Stuffed sweet potatoes with chipotle black beans and greens

Most of the recipes I post on this blog are one-offs. They’re things I dream up, cook, photograph, eat, enjoy, and then never make again. But every so often a new recipe is so simple, so tasty, and so adaptable that it wriggles its way into my regular rotation and lives there for months before it ends up here. This is one of those.

I got the idea for these stuffed sweet potatoes from a brilliant recipe over at The Kitchn. The basic premise is this: you scrub and roast a few sweet potatoes until they’re squishy all the way through. (Use small sweet potatoes, since they’ll cook more quickly and give a better flesh-to-filling ratio.) Sweat an onion, garlic, and a few flavorings in oil, then add a bunch of chopped greens and a splash of some flavorful liquid. Let the greens wilt for a few minutes, then stir in a drained can of beans and warm the whole thing through. Cut a slit in each sweet potato, drizzle the flesh with oil or butter, and pile it high with the filling. Grab a fork and a steak knife, and devour, skin and all.

That’s the outline, and I’ve had a lot of fun filling it in. Sweet potatoes need strong flavors to cut through their baby-food sweetness, and the best fillings I tried are tangy, smoky, and spicy all at once. The original recipe used white beans, shallot, rosemary, fresh lemon, and chile flakes. I’ve also done a Spanish-inspired version, with chickpeas, sweet onion, smoked paprika, and preserved lemon. But this version is my favorite so far: black beans, red onion, chipotle, and lime. Based on a few rounds of trial and error, I recommend using a bit more chipotle than you might otherwise like; even if the filling is searingly spicy when you taste it from the pan, the sweet potato will tromp all over it. Be brave.

One other great thing about this recipe: it’s made to be made ahead. You can freeze the filling in portions, and bake the sweet potatoes a few days in advance; just reheat as many portions as you need in the microwave. During the last couple months of 2014, when I was commuting two hours each way to work, I’d come home and throw together a potato as a late dinner. Since New Year’s, I’ve been working from home, and eating these as a hearty desk lunch. And if I ever burn out on this flavor combination, I’ll just start experimenting with others.

chipotle stuffed sweet potato 2

Stuffed Sweet Potatoes with Chipotle Black Beans and Greens (serves 4)

A mash-up of recipes from The Kitchn and Whole Foods

Note: This recipe calls for opening a can of chipotles without using them all. I know that’s obnoxious, so here’s my solution: whenever I open a new can, I dump the contents straight into a food processor and blend them into a paste. I measure out whatever I’m going to use for the recipe at hand, then dollop the rest onto a baking sheet in 1-tsp portions. Freeze until solid, then transfer to a zip-top bag, and you’ve got pre-portioned chipotle paste ready to use right out of the freezer.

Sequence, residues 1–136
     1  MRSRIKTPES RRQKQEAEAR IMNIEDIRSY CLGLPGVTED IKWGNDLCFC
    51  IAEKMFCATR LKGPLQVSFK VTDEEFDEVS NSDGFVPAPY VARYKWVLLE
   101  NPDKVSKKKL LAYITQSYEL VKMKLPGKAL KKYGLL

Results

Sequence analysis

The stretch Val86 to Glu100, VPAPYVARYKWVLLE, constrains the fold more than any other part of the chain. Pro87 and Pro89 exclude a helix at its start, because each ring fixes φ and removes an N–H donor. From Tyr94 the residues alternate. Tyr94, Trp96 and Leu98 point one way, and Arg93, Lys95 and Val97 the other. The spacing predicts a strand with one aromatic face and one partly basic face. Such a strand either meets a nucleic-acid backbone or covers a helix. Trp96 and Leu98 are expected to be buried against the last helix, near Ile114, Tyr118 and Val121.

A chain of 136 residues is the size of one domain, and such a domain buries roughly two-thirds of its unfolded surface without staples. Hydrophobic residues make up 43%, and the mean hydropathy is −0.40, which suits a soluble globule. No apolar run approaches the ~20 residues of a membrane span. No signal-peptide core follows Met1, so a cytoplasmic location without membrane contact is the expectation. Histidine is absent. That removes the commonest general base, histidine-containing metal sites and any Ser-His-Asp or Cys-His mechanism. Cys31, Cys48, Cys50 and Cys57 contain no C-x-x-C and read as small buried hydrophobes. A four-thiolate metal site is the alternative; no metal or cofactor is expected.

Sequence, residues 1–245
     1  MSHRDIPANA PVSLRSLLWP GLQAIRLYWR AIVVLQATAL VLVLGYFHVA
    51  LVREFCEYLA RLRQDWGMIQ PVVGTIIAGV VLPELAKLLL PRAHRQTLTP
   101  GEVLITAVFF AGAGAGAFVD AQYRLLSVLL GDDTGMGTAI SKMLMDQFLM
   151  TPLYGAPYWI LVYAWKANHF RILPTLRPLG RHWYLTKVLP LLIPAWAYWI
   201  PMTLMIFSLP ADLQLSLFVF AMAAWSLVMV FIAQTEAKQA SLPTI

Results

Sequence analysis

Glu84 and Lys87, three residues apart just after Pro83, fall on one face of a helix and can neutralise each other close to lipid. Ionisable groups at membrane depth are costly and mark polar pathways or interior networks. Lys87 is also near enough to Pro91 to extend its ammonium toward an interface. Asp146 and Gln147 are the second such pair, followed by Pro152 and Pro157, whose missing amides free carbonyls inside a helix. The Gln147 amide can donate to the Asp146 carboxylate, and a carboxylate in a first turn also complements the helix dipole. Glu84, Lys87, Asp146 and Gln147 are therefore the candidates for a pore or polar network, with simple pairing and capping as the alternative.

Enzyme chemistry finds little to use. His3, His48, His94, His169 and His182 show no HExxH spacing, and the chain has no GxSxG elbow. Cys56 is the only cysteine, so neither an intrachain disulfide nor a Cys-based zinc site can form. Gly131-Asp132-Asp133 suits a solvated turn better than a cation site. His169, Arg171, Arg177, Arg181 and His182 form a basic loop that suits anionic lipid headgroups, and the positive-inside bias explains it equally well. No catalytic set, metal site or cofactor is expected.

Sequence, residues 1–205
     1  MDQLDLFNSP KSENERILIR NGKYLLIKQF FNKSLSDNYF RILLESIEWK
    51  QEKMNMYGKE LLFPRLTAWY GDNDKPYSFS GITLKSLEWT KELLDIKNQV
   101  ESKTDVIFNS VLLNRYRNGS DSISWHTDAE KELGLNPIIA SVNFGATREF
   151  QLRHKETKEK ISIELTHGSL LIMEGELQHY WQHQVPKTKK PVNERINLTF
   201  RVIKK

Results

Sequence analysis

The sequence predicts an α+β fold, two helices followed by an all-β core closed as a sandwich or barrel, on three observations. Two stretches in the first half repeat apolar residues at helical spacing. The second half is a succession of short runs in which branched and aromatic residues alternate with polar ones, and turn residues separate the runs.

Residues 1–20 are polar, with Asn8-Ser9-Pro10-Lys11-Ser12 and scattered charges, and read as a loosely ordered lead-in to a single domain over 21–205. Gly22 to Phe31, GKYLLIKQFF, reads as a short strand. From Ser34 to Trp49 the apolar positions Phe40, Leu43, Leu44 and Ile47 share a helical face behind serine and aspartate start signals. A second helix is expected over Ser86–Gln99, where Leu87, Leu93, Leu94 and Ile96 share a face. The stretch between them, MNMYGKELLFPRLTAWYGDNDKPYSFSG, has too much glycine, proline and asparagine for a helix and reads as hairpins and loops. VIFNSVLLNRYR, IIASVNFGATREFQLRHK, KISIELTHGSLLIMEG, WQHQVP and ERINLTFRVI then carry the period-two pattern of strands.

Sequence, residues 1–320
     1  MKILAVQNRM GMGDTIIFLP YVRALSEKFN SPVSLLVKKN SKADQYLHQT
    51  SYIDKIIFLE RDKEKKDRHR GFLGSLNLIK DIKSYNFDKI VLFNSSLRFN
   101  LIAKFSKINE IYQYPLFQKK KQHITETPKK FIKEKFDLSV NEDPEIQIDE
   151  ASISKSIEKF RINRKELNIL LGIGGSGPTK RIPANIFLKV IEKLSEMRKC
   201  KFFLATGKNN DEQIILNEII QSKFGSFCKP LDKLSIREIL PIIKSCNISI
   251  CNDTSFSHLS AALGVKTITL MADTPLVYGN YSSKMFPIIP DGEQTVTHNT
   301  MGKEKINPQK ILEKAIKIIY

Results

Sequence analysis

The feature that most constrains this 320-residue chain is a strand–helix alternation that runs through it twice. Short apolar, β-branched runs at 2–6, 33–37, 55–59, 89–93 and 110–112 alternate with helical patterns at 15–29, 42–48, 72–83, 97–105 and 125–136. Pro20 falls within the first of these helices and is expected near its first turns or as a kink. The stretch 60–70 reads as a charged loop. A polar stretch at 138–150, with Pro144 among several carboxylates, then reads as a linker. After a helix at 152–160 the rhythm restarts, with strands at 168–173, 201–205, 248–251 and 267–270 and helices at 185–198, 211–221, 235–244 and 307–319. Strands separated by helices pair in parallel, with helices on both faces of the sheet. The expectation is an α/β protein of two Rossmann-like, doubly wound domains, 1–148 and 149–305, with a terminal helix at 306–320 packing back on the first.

4 small sweet potatoes (no more than 8 oz each)

1 bunch (about 3/4 lb) chard, curly kale, or lacinato (dinosaur) kale

2 tbsp olive oil

1 medium red onion, thinly sliced

Salt to taste

1 large or 2 small garlic cloves, minced

Zest and juice of 1 lime

1 tbsp minced or pureed chipotles in adobo (from a 7-oz can), or to taste (see note)

1 (15 oz) can black beans, drained and rinsed OR 1 1/2 cups cooked and drained black beans

Melted butter or extra virgin olive oil for drizzling

Crumbled queso fresco for sprinkling (optional)

Preheat the oven to 400º F, and position a rack in the middle. Line a baking sheet with aluminum foil, then lightly grease the foil. Scrub the sweet potatoes clean, then prick them in a few places with a fork. Place the sweet potatoes on the baking sheet and roast for 45 minutes to 1 hour, or until they’re very tender all the way through.

While the sweet potatoes roast, stem the greens, then chop them into 1-inch ribbons. Set aside.

In a large deep skillet with a lid, heat oil over medium heat. Add onion and a pinch of salt and cook, stirring frequently, for 8-10 minutes, or until the onion is soft. Add garlic and chipotle and cook for another 30 seconds to a minute. Add greens, lime juice, and lime zest. Cover the pan and let the greens steam for about 5 minutes, or until they’re wilted. Add beans and cook, stirring, for another 1-2 minutes, or until the beans are warmed through. Season with salt to taste, then turn the heat to low, cover the pan, and keep the filling mixture warm while the sweet potatoes finish roasting.

When the sweet potatoes are tender, remove them from the oven. Use a sharp knife to make a deep slit lengthwise into each potato, then push the ends together a bit to open up the inside. Season the inside of each sweet potato with salt, then drizzle the inside with melted butter or olive oil, and use a fork to mash the butter into the flesh. Scoop about a quarter of the filling into each sweet potato, and sprinkle with crumbled queso fresco (if using). Serve immediately.

Both the sweet potatoes and the filling can be cooked ahead of time. The baked sweet potatoes will keep, tightly wrapped in foil, in the fridge for up to a week. The filling will keep in an airtight container in the fridge for up to 3 days, or in the freezer for up to 2 months.

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